518bhp Land Rover Discovery SVX 13 | 09 | 2017

    LAND ROVER HAS unveiled what is likely to be the first Discovery to nudge over the £100,000 mark: the new SVX. And if you think it’s nothing more than a kerbside poser, think again. Just watch our stunning video.

    Designed to sit alongside the high-performance SVR and luxury-oriented SVAutobiography editions, the Discovery SVX gets a retuned version of Jaguar Land Rover’s 5.0-litre supercharged V8 engine. (Related: Range Rover confirms plug-in hybrid)

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    Mated to a reprogrammed version of the JLR’s ZF-sourced eight-speed automatic transmission, it delivers 518bhp and 625Nm of torque.

    The SVX also pays tribute to the earlier generation extreme Camel Trophy offloading Discovery model with a roof-mounted light pod. Perfect for providing greater illumination on and off remote, unlit roads.

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    The new model — unveiled in Frankfurt — also benefits from exposed recovery eyes that can each cope with a weight of six tonnes, skidplates, bespoke front and rear bumpers, a unique satin-grey paint finish, nd a black finish on the side vents, front grille and roof rails.

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    Hand-built at SVO’s technical centre in Coventry, production is scheduled to start in the first half of 2018. And though Land Rover has yet to confirm a price, you can place your order now at Land Rover’s Scottish dealers. Expect also to be ready to pay close to £100k.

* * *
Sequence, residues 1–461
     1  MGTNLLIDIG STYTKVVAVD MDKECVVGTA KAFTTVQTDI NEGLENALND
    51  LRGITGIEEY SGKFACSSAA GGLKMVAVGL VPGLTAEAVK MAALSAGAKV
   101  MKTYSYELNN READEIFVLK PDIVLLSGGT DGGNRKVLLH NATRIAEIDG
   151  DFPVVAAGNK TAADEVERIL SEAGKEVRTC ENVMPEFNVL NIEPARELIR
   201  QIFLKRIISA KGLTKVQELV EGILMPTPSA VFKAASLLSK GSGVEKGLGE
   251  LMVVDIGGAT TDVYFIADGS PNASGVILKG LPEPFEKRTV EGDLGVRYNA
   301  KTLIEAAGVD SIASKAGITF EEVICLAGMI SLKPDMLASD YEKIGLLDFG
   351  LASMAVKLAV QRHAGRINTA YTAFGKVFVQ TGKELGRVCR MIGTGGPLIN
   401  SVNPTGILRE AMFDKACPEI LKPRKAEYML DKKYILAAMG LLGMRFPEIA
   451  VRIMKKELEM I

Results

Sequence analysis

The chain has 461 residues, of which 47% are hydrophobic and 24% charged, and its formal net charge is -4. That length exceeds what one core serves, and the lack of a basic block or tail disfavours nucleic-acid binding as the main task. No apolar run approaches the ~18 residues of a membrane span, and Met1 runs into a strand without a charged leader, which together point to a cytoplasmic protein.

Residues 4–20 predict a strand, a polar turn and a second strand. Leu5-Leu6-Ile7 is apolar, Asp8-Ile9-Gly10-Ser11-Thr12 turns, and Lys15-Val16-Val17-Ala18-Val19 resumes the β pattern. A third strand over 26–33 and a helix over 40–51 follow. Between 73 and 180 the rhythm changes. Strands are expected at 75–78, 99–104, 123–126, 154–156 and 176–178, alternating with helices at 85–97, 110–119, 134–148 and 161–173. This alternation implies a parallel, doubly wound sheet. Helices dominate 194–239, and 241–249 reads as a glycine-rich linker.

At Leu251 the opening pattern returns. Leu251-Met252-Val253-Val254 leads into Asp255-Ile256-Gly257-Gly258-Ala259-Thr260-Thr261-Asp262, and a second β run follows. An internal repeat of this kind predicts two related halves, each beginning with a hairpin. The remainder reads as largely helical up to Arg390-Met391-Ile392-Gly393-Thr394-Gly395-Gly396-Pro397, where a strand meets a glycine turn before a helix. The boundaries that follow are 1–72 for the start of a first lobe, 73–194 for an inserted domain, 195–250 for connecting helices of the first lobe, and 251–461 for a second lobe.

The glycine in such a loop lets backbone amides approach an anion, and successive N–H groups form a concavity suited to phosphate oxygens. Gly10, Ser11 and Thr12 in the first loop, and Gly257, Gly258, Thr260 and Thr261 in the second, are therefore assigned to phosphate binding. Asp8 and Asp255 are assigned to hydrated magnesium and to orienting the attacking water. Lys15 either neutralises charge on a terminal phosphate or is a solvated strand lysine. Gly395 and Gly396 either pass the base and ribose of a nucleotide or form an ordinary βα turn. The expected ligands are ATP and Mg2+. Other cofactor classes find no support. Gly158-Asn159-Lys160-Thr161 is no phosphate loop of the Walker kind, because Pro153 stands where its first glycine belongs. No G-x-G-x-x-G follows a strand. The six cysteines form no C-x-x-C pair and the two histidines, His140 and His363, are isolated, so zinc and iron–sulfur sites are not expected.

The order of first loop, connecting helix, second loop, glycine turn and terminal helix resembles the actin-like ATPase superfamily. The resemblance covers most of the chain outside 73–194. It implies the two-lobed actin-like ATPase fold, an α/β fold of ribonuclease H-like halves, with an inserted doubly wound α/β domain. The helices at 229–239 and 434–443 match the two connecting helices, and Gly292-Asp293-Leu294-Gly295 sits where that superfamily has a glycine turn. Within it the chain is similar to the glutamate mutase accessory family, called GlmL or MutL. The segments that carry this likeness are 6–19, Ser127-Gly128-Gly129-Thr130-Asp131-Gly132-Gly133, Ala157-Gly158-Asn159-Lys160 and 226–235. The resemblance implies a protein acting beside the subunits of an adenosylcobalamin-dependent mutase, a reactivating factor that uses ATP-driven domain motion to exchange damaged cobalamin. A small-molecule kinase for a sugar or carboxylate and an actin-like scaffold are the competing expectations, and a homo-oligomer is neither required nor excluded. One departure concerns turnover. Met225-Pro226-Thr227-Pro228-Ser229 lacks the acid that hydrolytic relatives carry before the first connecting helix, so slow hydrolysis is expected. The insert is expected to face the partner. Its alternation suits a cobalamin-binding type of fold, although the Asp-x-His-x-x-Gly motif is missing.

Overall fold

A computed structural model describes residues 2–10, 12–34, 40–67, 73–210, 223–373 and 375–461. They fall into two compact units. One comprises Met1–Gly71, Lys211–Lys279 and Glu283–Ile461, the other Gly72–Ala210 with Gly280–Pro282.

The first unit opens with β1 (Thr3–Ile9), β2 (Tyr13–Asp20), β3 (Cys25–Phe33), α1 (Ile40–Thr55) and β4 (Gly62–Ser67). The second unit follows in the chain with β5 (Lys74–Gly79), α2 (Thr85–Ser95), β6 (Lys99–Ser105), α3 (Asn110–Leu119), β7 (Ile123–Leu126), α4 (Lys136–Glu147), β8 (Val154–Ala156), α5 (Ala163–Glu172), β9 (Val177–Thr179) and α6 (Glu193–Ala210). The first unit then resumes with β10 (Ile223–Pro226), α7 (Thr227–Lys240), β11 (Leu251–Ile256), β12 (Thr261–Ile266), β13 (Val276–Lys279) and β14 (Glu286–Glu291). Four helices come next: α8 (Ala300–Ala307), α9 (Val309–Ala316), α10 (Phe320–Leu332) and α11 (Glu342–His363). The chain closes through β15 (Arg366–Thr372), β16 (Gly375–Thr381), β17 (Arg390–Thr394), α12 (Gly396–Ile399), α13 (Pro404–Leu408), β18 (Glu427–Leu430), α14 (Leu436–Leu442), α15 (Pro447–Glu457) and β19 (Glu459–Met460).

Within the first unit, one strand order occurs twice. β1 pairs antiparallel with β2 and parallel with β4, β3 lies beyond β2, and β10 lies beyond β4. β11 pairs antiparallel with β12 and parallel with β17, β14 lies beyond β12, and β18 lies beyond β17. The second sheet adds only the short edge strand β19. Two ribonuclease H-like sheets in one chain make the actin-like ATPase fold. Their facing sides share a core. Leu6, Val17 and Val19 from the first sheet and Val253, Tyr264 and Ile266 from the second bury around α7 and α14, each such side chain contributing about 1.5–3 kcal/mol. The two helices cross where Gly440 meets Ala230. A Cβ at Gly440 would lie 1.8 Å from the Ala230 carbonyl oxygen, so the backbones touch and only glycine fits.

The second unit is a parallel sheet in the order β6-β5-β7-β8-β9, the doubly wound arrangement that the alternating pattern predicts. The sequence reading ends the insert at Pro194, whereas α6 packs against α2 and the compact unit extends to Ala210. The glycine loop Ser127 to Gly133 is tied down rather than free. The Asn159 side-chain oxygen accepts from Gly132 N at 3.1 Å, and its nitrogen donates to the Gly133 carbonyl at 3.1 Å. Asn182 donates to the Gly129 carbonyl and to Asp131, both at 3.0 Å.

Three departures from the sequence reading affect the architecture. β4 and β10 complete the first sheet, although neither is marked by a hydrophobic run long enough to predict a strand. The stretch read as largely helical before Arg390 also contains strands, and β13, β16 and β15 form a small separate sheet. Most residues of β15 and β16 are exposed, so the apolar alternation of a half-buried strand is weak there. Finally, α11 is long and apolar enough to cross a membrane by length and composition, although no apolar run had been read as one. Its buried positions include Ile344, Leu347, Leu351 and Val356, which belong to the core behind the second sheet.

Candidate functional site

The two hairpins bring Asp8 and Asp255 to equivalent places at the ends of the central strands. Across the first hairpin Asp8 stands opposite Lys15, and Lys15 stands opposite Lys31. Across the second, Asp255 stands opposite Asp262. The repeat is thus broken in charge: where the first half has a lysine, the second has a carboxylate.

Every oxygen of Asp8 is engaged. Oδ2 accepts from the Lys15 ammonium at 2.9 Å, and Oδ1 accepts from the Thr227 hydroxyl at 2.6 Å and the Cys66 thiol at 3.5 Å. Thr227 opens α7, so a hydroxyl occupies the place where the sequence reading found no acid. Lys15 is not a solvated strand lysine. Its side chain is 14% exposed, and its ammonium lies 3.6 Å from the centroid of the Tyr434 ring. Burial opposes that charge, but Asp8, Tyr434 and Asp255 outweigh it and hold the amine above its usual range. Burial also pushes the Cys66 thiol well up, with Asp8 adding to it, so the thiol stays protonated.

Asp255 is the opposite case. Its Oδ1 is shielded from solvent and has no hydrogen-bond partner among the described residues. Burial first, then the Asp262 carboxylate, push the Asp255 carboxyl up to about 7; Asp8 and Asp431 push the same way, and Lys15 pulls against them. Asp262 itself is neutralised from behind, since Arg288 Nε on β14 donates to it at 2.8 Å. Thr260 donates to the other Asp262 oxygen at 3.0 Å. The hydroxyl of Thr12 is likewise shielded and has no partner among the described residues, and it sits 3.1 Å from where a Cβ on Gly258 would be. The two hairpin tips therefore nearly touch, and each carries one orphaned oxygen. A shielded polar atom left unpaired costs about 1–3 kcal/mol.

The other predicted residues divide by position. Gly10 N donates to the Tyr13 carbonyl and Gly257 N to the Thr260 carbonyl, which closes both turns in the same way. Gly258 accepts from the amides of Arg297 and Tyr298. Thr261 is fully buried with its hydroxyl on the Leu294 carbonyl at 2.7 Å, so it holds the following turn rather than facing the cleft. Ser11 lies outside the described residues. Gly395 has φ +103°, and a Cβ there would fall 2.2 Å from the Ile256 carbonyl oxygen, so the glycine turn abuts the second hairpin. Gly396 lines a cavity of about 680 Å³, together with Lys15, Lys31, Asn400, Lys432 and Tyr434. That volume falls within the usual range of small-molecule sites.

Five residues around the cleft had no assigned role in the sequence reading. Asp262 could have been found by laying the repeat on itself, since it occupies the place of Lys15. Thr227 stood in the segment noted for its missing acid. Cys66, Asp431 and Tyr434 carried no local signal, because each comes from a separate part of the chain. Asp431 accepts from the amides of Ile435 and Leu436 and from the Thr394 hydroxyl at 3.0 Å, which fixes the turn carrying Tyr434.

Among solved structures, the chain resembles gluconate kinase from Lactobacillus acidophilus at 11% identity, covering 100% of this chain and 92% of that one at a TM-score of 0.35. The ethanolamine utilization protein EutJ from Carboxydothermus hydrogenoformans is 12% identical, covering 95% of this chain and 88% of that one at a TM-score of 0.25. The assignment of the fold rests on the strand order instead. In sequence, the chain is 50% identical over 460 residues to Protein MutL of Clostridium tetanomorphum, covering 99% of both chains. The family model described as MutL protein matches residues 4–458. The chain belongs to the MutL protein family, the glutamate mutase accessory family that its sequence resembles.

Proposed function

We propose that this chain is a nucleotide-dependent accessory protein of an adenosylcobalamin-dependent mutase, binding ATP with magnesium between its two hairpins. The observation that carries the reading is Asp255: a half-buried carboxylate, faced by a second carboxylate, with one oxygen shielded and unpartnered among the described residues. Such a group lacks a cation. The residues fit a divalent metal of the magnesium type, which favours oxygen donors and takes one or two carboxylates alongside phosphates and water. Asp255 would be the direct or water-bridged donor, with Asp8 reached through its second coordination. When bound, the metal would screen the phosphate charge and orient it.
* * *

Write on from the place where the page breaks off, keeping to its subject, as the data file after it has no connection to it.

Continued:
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    Significant tweaks have been made to the SVX’s chassis, including a new active anti-roll bar set-up, called Hydraulic Active Roll Control (H-ARC). Designed to improve wheel articulation to maximise traction on poor surfaces, Land Rover also claims it will reduce body roll in normal conditions too.

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    Raised ride height, long-travel dampers and new suspension knuckles means the SVX also features improved approach, departure and breakover angles. It’s also fitted with 815mm-diameter, 275/55 R20 Goodyear Wrangler tyres which feature a more open tread pattern to help cut through mud and find grip. The chassis tweaks are completed with an active centre and electronic rear locking differentials.

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    Inside the SVX, the primary change is the use of a conventional gear shifter instead of the Discovery’s usual rotary controller. But there is an additional air of luxury, thanks to bespoke seats that feature ‘X’ motifs in the stitching.

    (Related: JLR to electrify model range by 2020)

    Keep up-to-date with all the latest news by following us on twitter.com/Scotcars

    Jim McGill

     

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